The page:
Back-to-school shopping behaviors are evolving as more consumers look to their smartphones and computers for deals, price comparisons, and new products. While the back-to-school shopping season is very much a play for brick-and-mortar shops, marketers are learning how to match their digital marketing strategy with the traditional characteristics that define the late summer shopping rush.
“The back-to-school campaigns are still very much for big retailers. They’re still trying to generate foot traffic,” said Jarvis Mak, VP of analytics at Rocket Fuel, a digital ad solution provider for brands. A new survey from Rocket Fuel found that dads are the most likely to exclusively shop online and they are five times more likely than moms and two times more likely than teens to consider a friend’s opinion when making a purchase.
While marketers may focus much of their back-to-school attention on moms and students, Rocket Fuel found that nearly one in four dads use their mobile device to shop online and while in store. Only 10 percent of teens said they shop on their mobile device and 12 percent said they use their mobile device to shop while in store.
Moreover, the survey found that 59 percent of moms only shop in stores compared to 52 percent of teens and dads. Barely more than one in 10 dads said they only shop online while no moms and only 1 percent of teens exclusively shop online.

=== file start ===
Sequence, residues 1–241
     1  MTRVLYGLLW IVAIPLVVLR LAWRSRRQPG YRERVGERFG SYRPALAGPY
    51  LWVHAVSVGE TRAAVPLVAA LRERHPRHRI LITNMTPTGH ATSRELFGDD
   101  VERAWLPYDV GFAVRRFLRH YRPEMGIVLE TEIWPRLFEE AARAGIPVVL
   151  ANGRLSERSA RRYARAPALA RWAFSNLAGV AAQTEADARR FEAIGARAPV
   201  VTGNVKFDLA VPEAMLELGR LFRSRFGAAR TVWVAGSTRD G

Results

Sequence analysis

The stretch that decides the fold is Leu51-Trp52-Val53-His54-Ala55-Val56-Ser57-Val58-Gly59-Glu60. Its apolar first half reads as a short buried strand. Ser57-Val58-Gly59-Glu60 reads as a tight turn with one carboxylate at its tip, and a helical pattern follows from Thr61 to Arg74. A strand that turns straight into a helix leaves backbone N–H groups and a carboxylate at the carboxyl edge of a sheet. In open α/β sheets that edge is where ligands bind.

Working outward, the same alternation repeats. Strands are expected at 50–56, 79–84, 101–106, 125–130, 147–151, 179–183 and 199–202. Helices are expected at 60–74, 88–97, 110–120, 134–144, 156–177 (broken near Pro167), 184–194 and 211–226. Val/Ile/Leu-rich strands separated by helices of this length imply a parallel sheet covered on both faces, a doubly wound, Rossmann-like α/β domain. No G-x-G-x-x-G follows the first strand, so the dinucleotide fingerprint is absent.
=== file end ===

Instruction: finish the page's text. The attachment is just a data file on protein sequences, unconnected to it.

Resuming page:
For marketers who push their back-to-school campaigns into mobile and digital, the goal is to reach shoppers on whatever channel they are most engaged. “I think the power that digital and particularly social provides is you’re able to make those split marketing decisions with short notice,” said Jason Weaver, CEO of Shoutlet, a social media marketing platform. “I see that the campaigns are planned less far out…They have the ability to change on a dime with social.”
Many of Shoutlet’s clients are running contests and promotions around back to school with a primary focus on Facebook, he said. Sears Canada is running a promotion for likes on Facebook, offering a $5,000 spending spree.
Bealls, a department store in Florida, is running a campaign on Facebook and Pinterest with daily prizes. Over the span of 20 days, the company racked up more than 21,000 entries for the contest and at least 5,000 likes, said Weaver. The brand was particularly pleased with the results of the campaign, considering it included no paid advertising.
For many, the back-to-school season is just another period of heightened shopping. But is there something inherently different about this time of year that gives marketers greater creative freedom and the ability to reach new consumers?
The late summer months are a “time of natural transition for people,” said Paul Kuzma, chief creative officer at Tris3ct. “It’s really like a refresh season for essentials and so much more…Your entire mindset is open to new ideas.”
The reasons for these annual transitions differ, but as parents evaluate the changes in their lives and students transition to the next grade, the decisionmakers in each household are particularly open to new suggestions and products, Kuzma said.
“It’s like a reset button to be prepared for the changes ahead,” he continued. “Many consumers are more comfortable with new ideas and are ready to hit reset across many parts of their lives.”
The back-to-school season is a special time for marketers to try new things and reframe brand messaging to change consumers’ perceptions of products, Kuzma said. “Holidays can be a cluttered time,” he said, whereas back to school fosters an open consumer mindset.